The Bearcats defense terrorized again Thursday night, this time in a 34-point rout of Arkansas-Little Rock. The way this team rattles opponents and pounces on the spiral has become their calling card.
[Highlights of UC 87, UALR 53]
Sean Kilpatrick can see the look on the their faces. Tired, frustrated, helpless. Those expressions mean the goal of this defense has been accomplished. The opponents have officially been rattled. And the fun has just begun.
"Yeah, when we are pressing like that, it's go-time," Kilpatrick said. "That's what we are. We are a press team and that's what we are going to give every team that comes in here for 40 minutes."
On Thursday, that team was University of Arkansas-Little Rock. And not only will the Trojans not forget this night of unraveling into an 87-53 disaster, future generations of Bearcats wont' forget it, either.
Cincinnati (8-0) set a school single-game record with 23 steals and forced 32 turnovers. A number more inconcievable than either of those were the 70-plus Bearcats deflections. By far the most during Mick Cronin's seven-year tenure. The goal for every game is 40. They reached 39 by halftime.
"It dictated the tempo of the game and never let Little Rock get their bearings on offense," Cronin said. "Great effort by our team defensively tonight."
That's the thing, though. This wasn't just tonight. This wasn't just because an overmatched Trojans team on the road entering into a whirlwind of unfamiliar pressure. We've seen it shock opponents on repeat this year -- both known and unknown. Every team on UC's schedule experienced the brushback pitch the Bearcats throw to set the tone.
In seven of eight games this year UC owned a double-digit lead in the first half. The only other game was Iowa State and the Bearcats led by six midway through the opening stanza. It's a defensive ambush.
"You could tell when they are tired because we continue to keep subbing in fresh legs," said Kilpatrick, who finished with 18 points and two steals. "That's the strength with our team, we have so many guys that can play multiple positions. And we have a lot of depth on our team. When they are rattled like that it's better for us because they start turning the ball over and get buckets with layups."
Many of the passes look awful. And rest assured, they were. Crosscourt tosses fly into the front row like t-shirts from the cheerleaders.
Such would be easy to criticize UALR. These guys can't play, right? Another sad opponent comes to Fifth Third Arena would undoubtedly be the narrative as pockets of the 6,127 pass the Oscar Robertson statue en route to their cars.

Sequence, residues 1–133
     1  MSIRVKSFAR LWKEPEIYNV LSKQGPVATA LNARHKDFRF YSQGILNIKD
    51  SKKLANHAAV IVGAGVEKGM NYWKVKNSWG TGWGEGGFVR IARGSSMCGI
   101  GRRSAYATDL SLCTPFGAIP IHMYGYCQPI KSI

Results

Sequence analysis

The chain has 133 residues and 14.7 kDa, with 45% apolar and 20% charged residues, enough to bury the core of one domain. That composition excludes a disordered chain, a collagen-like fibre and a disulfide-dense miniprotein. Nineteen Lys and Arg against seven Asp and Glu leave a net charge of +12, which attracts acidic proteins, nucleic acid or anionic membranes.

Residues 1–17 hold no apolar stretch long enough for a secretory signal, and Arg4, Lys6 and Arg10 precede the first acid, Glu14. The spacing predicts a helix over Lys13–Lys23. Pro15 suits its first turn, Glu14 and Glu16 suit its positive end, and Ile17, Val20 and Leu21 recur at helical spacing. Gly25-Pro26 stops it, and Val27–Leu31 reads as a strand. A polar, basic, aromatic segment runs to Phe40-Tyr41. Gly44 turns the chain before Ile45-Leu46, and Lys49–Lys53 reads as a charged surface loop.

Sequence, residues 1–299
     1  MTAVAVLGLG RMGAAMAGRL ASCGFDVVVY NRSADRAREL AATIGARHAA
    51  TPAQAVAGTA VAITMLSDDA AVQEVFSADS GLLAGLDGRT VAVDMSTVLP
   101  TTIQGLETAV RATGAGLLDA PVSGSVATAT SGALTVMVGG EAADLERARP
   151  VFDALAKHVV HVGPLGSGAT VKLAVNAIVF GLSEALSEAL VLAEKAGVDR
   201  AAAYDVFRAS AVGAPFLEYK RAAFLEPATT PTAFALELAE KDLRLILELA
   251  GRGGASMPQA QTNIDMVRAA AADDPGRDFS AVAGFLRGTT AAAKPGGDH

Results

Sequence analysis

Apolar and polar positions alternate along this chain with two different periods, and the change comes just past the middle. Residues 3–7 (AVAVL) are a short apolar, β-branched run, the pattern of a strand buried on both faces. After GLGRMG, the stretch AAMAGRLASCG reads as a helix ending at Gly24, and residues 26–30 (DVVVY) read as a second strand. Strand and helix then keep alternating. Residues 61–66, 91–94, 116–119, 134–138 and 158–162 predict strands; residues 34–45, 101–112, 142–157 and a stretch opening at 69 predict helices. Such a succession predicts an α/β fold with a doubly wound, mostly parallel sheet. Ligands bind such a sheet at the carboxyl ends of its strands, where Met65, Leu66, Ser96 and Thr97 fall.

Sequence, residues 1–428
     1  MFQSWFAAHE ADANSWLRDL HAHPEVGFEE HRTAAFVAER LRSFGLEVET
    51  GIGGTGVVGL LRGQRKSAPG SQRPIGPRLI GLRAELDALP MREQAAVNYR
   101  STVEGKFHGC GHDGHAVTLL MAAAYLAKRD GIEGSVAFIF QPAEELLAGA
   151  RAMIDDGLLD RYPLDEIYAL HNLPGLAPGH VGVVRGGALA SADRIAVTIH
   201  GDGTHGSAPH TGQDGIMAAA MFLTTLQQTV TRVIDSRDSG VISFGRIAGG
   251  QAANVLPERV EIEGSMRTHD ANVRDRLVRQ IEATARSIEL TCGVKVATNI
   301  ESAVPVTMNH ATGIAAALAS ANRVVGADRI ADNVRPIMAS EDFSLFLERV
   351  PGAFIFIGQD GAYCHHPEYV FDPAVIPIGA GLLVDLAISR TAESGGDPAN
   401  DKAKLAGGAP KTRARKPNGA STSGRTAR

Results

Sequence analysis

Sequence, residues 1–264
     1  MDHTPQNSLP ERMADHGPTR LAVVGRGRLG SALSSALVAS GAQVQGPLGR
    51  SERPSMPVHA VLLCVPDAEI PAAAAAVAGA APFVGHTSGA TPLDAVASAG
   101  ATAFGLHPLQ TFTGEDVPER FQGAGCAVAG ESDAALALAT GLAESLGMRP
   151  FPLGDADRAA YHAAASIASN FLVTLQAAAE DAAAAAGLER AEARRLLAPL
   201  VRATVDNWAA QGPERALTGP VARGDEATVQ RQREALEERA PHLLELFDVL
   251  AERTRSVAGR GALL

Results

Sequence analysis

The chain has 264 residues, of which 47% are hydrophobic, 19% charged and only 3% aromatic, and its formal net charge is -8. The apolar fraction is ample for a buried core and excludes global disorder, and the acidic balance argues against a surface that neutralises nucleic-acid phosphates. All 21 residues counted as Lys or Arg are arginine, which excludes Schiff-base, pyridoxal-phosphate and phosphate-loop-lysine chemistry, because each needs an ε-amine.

Maybe. Or maybe these types of performances show what the Bearcats defense can do to a team ill-prepared for the pressure. The swarming traps and snapping rotations can't be simulated in practice.
"That's a big part of it," Cronin said. "Teams haven't seen it, it's really hard to simulate. It'd be like trying to simulate Syracuse's zone. You can talk about it until you see it. What I was most happy with today was it was pretty much for 40 minutes."
In games against Alabama, Iowa State and Oregon, those initial surges made the difference. The energy and effort expended climbing out of an early hole combined with the waves of UC's depth become a textbook example of mental and physical fatigue on the college athlete. Or even the college coach.
Just ask UALR coach Steve Shields who burned through four timeouts attempting to stop the hemorrhaging Thursday. Not enough gauze in the city on this night.
"Most importantly, it's the coach," Kilpatrick said of sensing a rattled team. "If you can look at the coach and he's frustrated. That's the last thing you want as a player if your coach to be frustrated at you. That carries on."
This group smells blood in the water on defense as well as any in the Cronin era --- and even dating back Bob Huggins bangers of the mid-90s. When another team flails on the ropes, the Bearcats not only throw the knockout punch, they bring in fresh legs and arms to deliver it.
"Two years ago we were a deep team and used our press a lot," Cronin said. "The difference with this team both of our pseudo 4-men --- they are really 3-men --- are athletic and can press where Ibrahima Thomas couldn't. We've worked so hard at instituting certain things with our style of play that we needed some practice time to work on our pressure. And doing a better job of dictating the tempo with it."
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